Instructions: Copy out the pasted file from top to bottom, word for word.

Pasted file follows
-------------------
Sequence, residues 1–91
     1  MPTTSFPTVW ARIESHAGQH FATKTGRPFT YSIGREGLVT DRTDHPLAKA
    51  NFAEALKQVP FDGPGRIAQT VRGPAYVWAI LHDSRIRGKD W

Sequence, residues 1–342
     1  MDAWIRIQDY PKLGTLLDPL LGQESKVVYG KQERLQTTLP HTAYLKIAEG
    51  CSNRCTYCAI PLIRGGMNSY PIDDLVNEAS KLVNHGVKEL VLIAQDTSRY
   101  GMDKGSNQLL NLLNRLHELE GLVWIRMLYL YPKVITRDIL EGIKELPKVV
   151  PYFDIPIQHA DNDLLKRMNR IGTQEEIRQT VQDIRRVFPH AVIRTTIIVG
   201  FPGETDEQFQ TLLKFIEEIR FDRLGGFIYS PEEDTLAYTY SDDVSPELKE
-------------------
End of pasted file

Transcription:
Sequence, residues 1–91
     1  MPTTSFPTVW ARIESHAGQH FATKTGRPFT YSIGREGLVT DRTDHPLAKA
    51  NFAEALKQVP FDGPGRIAQT VRGPAYVWAI LHDSRIRGKD W

Sequence, residues 1–342
     1  MDAWIRIQDY PKLGTLLDPL LGQESKVVYG KQERLQTTLP HTAYLKIAEG
    51  CSNRCTYCAI PLIRGGMNSY PIDDLVNEAS KLVNHGVKEL VLIAQDTSRY
   101  GMDKGSNQLL NLLNRLHELE GLVWIRMLYL YPKVITRDIL EGIKELPKVV
   151  PYFDIPIQHA DNDLLKRMNR IGTQEEIRQT VQDIRRVFPH AVIRTTIIVG
   201  FPGETDEQFQ TLLKFIEEIR FDRLGGFIYS PEEDTLAYTY SDDVSPELKE